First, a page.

in the modern world of hi-tech gadgets and advanced technologies many
people are conscious of the fact that the marine life has been recently
put to great danger. Climatic change as well as such human activities
like dumping the sewage waste into the sea water caused the coral
banks to deteriorate drastically. But despite this sad fact there
is the good news from a recent research conducted in Australia. Scientists
have found out that there has been a significant increase in the coral
growth in the area during the 20th century due to the rise of the
temperatures. Research has revealed that this effect was greater at
the high latitudes and the colder ocean. These data prove that the
warming caused by human footprint in the form of carbon dioxide in
fact benefits the corals in the area.
How will climate change affect clothing we wear? You will be surprised to find out that it already has. The disastrous effects of climate change can be spotted everywhere, from extra-balmy winters to powerful hurricanes that devastate the whole regions. But the climatic change also impacts our wardrobes. Because of anthropogenic global warming, the climates of the U.S. regions become warmer. Those hotter temperatures influence the seasonality of your wardrobe; in other words, we're wearing more of the same clothes, year-round. For example, the chances are that you are wearing your favorite pair of J.Crew cropped pants both in the fall and from late winter through mid spring.
Because of the last year's mild December outerwear sales dropped. The warm winter caused coat sales in the UK to decrease by 10%. Similarly, fewer blizzards meant fewer people buying parkas, as Kohl's, MLB Shop, Boscov's and Target all reported reduced outerwear sales during one of the warmest winters on record. At Modell's Sporting Goods the bulky winter merchandise was cleared out by the store employees early to make way for t-shirts, which were in higher demand than the sweatshirts.
These changes in the inventory turnover have negative effect on the industry that relies in profits from fashion week-style seasonal collections. Stores typically offer garment at full-price for about 12 weeks and then it will go on clearance and earn the company less profit. If many customers stop buying heavy winter wear, retailers will have to stop stocking their shelves with it, and that will result in changing the whole cycle of apparel design, manufacturing and buying.
Some companies have already started adjusting themselves for a new way of dressing. For example, Target and Kohl's are collaborating with climatologists and meteorologists to fine-tune their buying cycles to consumer demand. Target, for example, already sells swimwear year-round.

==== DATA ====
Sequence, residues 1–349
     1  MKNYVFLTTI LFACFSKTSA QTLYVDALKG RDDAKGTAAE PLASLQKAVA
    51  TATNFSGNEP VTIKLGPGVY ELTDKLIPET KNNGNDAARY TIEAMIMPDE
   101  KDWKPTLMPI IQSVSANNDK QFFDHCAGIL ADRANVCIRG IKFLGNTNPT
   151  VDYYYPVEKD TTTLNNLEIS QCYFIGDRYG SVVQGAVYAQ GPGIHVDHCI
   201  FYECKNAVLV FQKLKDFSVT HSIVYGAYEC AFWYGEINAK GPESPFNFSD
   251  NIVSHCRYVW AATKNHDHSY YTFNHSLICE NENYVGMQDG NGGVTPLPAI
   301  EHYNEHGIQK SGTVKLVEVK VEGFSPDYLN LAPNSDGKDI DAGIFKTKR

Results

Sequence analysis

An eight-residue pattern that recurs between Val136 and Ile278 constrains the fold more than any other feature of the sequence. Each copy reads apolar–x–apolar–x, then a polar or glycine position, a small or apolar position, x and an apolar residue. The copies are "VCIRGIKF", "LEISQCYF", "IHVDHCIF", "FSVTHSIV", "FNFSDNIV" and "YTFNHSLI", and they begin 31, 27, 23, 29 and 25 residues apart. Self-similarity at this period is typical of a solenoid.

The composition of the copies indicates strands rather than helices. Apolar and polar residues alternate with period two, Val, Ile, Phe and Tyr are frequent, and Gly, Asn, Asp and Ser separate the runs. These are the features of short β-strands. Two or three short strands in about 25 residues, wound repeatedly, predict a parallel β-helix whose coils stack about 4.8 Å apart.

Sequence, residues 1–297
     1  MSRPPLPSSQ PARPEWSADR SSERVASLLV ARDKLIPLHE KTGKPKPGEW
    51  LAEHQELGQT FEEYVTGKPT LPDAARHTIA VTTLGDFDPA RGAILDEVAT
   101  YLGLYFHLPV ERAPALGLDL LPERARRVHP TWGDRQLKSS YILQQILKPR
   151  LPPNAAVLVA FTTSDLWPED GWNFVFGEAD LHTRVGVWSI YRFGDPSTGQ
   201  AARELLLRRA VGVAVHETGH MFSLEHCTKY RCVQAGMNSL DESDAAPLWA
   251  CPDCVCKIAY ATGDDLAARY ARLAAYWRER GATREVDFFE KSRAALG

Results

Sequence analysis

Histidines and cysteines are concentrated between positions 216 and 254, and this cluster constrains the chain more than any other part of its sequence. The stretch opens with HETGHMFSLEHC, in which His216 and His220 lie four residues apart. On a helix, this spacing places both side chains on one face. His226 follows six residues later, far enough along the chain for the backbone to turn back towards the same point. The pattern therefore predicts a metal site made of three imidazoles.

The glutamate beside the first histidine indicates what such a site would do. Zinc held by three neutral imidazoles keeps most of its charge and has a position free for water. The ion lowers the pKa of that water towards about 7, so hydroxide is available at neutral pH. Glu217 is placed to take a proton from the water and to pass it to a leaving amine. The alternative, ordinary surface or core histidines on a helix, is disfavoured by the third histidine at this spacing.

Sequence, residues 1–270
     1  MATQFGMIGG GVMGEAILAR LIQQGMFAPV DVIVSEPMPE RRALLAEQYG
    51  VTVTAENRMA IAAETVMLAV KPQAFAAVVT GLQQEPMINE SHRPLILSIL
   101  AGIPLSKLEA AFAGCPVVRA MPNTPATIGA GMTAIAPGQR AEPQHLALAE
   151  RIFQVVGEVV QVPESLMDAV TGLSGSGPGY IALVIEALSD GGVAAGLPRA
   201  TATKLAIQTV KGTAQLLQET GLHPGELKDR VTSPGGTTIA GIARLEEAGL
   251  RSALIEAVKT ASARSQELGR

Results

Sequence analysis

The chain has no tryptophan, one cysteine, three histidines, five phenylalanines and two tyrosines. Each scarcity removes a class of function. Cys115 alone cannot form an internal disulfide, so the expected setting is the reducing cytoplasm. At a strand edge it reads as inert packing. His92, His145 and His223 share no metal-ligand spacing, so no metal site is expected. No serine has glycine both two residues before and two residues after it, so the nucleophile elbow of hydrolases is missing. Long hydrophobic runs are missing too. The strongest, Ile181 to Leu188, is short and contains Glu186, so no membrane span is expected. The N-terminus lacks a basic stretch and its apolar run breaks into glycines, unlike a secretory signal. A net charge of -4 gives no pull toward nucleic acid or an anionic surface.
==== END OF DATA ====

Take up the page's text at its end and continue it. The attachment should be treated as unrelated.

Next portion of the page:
In addition to climate change, people tend to spend more time indoors browsing the Internet and playing on their iPads, living mostly in climate-controlled environments that reduce their vulnerability to weather conditions.
Increased temperatures caused by global warming diminish the fashion industry's crucial buying and manufacturing cycles. But how is the multi million dollar fashion industry contributing to climate change? Of course, the apparel and textile industries aren't exactly benefiting the environment: they deplete natural materials, emit carbon dioxide and use great amount of natural resource. The huge textile factories needs oil and gas to operate and consume enormous amounts of water, contributing to vast mountains of waste. The sad truth is that overconsumption is a major factor in climate change. Today consumers purchase much more apparel than they did a century ago. And 'sustainable fashion' which means that it is made of eco-friendly fibers is not a solution to the problem. The production of these textiles itself, whether they're synthetic or natural, is causing the biggest textiles harm on the environment.
Climate change will also impact the plant fibers because of the higher likelihood of drought and crop-destroying weather. There can also be greater threats from pests and plant diseases. Another factor to take into account for petroleum-based fibers is the availability and cost of crude oil. Recycled and regenerated fibers instill some hope, but not all are completely sustainable. For instance, both lyocell and rayon are regenerated cellulose fibers, but the rayon process is much dirtier -- and the same can be said about rayon made from bamboo, which is often promoted as sustainable.
Unless something changes, the situation is likely to deteriorate with years. According to the recent Fashion Futures project at Britain's Forum for the Future, if the industry continues to abuse resources the way it does today, the earth could face considerable resource shortages and overflowing landfills because of buying and disposing of artificial textiles. But the good news is that several companies like Kohl's, Boscov's, Target and others are already stepping up to contribute to the industry's sustainability and to work toward lessening its environmental footprint. Kohl's, for example, has introduced a number of sustainability initiatives to save energy and use other resources more efficiently. Target and Boscov's work hard to reduce its greenhouse gas emissions and conserve water, electricity and other resources.
References: U.S. Environmental Protection Agency